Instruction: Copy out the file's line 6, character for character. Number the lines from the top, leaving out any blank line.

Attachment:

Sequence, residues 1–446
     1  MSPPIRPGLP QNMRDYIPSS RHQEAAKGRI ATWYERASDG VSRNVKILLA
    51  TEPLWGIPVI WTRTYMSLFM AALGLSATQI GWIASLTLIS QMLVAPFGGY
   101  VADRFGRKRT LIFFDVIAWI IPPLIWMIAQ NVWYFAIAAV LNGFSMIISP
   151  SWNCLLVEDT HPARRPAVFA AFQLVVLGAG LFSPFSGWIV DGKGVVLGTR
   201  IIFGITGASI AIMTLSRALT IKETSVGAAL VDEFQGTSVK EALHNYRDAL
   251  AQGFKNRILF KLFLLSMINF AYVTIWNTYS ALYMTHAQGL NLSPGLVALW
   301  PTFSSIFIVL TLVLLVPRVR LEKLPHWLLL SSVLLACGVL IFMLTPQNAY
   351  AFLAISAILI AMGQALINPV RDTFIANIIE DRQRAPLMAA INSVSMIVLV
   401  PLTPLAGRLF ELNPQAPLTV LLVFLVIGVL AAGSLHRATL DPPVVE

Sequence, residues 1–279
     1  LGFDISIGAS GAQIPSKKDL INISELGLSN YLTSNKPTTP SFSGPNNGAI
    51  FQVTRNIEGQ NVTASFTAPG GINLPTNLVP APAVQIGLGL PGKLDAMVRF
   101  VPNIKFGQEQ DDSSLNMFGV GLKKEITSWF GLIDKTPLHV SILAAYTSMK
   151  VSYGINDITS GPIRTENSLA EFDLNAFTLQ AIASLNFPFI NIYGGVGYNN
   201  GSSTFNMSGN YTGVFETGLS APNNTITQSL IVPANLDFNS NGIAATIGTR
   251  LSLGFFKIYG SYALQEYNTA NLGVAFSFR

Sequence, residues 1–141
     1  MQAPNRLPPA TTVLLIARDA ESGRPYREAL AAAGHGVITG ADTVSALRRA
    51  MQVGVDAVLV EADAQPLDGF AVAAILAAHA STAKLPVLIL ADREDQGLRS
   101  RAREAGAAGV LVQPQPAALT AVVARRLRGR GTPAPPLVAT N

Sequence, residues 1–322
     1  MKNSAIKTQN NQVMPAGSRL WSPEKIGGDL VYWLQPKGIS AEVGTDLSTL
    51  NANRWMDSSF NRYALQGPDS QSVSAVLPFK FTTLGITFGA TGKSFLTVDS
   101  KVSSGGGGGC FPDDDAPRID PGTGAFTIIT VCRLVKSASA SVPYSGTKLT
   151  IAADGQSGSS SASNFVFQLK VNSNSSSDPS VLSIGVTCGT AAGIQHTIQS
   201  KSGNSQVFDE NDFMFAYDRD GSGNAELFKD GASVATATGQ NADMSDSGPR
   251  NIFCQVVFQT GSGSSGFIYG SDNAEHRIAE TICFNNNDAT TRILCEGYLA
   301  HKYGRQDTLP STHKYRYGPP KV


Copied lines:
   201  IIFGITGASI AIMTLSRALT IKETSVGAAL VDEFQGTSVK EALHNYRDAL